Passing Place

landscape

 

ORKNEY ISLANDS
or We could be tourists, just for one day

 

The first working session was held at the Orkney Islands in august 2008. Julia Lee Barclay and Zoe Christiansen spent 2 weeks writing the first set of texts for Passing Place.

 

We know everything we need to know about the human capacity for violence.  We are in search of the human capacity for peace, in ourselves, in our travels and in our work.  We realize how difficult this is to discover both within ourselves and outside as it relates to issues of private ownership and identity.  Therefore, we are beginning with ourselves, two directors (one a scenographer and one a writer), collaborating as equals, surrendering our power to one another in an attempt to find a new way of working to create a vision that is neither one nor the other, a multiple that neither silences the differences in each other’s voice nor clings to private creative ownership.  We are going to places, first Orkney, then Lofoten, islands which perch on the outside edges of global capitalism, yet have rich intersecting histories and also very contemporary relationships with these forces as they relate to oil, the decline of fishing, tourism, the search for sustainable energy, and a new resurgence of interest in living in such places as people confront their desire for a sense of belonging and community.  We have created our first text from our visit to Orkney where we focused on responding to what we saw rather than preconceived ideas.  The text includes writing by both of us, in our unique styles, and is grounded by conversations we had each day, which were recorded and transcribed.  The focus of the work is responsiveness and listening rather than production, both as a strategy for creation and as a strategy for peace.  We do not avoid the darkness and conflicts within ourselves or the places we visit (and the conflict of being visitors to beautiful places, which can place us in the uncomfortable role of tourists), so it is not about a patina of optimistic slogans but an attempt to respond non-violently to these conflicts and this darkness.  We will add to the text with each place we visit, entering into a similar relationship of responsiveness.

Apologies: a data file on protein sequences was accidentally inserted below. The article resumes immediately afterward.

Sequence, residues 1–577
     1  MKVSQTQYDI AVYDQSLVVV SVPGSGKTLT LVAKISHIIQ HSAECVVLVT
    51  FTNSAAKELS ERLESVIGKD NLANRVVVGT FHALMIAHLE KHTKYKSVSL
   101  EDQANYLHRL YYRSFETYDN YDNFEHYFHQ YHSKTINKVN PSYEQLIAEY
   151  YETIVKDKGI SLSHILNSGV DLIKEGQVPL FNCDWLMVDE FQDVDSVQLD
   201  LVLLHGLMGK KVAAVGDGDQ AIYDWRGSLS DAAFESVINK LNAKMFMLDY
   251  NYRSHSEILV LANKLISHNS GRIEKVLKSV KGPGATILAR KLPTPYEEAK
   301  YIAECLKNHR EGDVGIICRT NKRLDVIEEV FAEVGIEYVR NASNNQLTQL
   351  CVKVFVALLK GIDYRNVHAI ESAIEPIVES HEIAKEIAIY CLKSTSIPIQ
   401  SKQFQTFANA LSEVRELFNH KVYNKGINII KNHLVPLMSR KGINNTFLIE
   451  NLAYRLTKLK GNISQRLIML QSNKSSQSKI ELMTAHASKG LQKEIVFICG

We envision now creating over time a multi-layered durational performance wherein we will offer the audience space to join us in such activities as having tea, making lunch, surrender walks and meditation, whilst we embody these texts, verbal, aural and visual that we have created together.  There will be time for informal conversations with the audience during the performance, so we will be shifting the relationship from object and subject to something more lateral and interactive, another strategy for peace.

 

Julia Lee Barclay & Zoe Christiansen

 


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